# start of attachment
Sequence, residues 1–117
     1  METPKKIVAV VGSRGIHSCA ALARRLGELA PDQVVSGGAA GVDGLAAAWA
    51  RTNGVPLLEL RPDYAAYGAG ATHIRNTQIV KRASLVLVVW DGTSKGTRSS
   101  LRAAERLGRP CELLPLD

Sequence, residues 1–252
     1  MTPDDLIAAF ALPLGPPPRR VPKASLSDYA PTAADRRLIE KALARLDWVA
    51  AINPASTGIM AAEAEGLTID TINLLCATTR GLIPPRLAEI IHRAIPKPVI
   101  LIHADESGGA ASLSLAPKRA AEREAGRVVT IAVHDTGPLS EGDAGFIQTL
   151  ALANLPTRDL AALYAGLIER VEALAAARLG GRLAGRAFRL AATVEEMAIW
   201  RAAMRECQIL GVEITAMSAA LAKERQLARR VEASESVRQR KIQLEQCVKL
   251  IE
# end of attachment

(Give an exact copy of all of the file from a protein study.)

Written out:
Sequence, residues 1–117
     1  METPKKIVAV VGSRGIHSCA ALARRLGELA PDQVVSGGAA GVDGLAAAWA
    51  RTNGVPLLEL RPDYAAYGAG ATHIRNTQIV KRASLVLVVW DGTSKGTRSS
   101  LRAAERLGRP CELLPLD

Sequence, residues 1–252
     1  MTPDDLIAAF ALPLGPPPRR VPKASLSDYA PTAADRRLIE KALARLDWVA
    51  AINPASTGIM AAEAEGLTID TINLLCATTR GLIPPRLAEI IHRAIPKPVI
   101  LIHADESGGA ASLSLAPKRA AEREAGRVVT IAVHDTGPLS EGDAGFIQTL
   151  ALANLPTRDL AALYAGLIER VEALAAARLG GRLAGRAFRL AATVEEMAIW
   201  RAAMRECQIL GVEITAMSAA LAKERQLARR VEASESVRQR KIQLEQCVKL
   251  IE